“It’s hard to suck with Jesus in your band.” ~ Craig Finn, “New Friend Jesus”
My ritual reaction to Hold Steady albums: I anticipate unmitigated fun; the record is actually released; I’m frustrated that it’s cheesy and too many lines are recycled Springsteen; I rant that if I wanted to hear Springsteen, I’d listen to Springsteen; I listen more and enjoy what’s there; I hate myself for being a snob; I go back to listening to Lucero.
In the lead-up to Craig Finn, captain of the Hold Steady’s, debut solo album, I let myself get equally excited. It represents a chance for him to say something to an audience with a different Bro Quotient (BQ), to express different influences, to express them more subtly, and to show us more of himself or his stories–which is what I think is best about Hold Steady. My great hope was that he would just use less words.
But lo! and behold, the first song of Clear Heart Full Eyes, “Apollo Bay,” is a take-off of Neil Young’s “On the Beach.” I went through the ritual again and tried to appreciate the song before it was over. The rip-off mattered less when the next six songs proved full of pure Finn-ian beatitude. “When No One’s Watching” is a dastardly detective story, “New Friend Jesus” a hilarious side of Finn’s religious theme, “Terrified Eyes” is plain terrifying.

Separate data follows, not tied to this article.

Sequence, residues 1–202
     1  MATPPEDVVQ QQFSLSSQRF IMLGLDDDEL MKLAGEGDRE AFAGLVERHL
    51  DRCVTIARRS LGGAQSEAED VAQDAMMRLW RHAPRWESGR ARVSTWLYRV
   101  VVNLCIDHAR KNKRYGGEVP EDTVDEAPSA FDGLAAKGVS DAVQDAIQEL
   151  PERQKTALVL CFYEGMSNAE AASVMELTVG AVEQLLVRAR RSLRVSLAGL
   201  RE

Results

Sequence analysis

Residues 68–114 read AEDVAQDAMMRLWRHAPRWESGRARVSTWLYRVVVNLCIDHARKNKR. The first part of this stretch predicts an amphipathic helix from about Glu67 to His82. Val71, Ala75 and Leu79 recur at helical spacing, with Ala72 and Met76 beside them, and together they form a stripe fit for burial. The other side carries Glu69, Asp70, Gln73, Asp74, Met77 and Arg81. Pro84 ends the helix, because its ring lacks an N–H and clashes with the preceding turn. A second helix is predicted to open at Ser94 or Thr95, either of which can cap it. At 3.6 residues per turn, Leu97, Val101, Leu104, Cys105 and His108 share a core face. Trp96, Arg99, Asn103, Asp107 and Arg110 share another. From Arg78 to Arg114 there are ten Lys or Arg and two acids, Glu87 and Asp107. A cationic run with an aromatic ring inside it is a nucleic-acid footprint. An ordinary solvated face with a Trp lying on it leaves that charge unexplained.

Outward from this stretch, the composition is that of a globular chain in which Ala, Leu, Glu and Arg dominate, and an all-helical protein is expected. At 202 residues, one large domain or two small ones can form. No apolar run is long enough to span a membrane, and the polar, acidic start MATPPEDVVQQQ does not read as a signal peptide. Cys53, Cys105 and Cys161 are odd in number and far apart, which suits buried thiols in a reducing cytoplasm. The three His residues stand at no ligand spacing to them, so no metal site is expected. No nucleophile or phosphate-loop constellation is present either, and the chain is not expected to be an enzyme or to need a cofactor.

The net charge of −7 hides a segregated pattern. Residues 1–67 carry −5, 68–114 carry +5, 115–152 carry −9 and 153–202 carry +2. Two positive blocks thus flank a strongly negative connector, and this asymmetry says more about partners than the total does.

After listening to the whole album, I suppose the Neil Young summoning makes sense. Craig Finn and his nasally speak-singing have never had to stand on their own this much, without the backlit cacophony of his band. So, he calls on Neil Young for a template. Neil Young, discouraged from singing in Buffalo Springfield because he “sang like a girl,” but went on to make slower, tenser, and louder albums than any other voice would’ve dared.
Craig Finn didn’t use less words. Springsteen reigned himself in after the first two albums, but Finn is fixed in the volume of Greetings and E-Street Shuffle. Even so, Clear Heart Full Eyes holds full doses of catharsis, beauty, resignation, and skewered comprehension–just as any Hold Steady album does. The keyboard trades for pedal steel, the drum sticks for paint brushes, but they’re all still Craig Finn’s songs. He can only write them one way, but it’s an effective way. He’ll always make me roll my eyes, but he’ll always convince me in the end. The song “Balcony” convinces me, and marks the album’s ascension.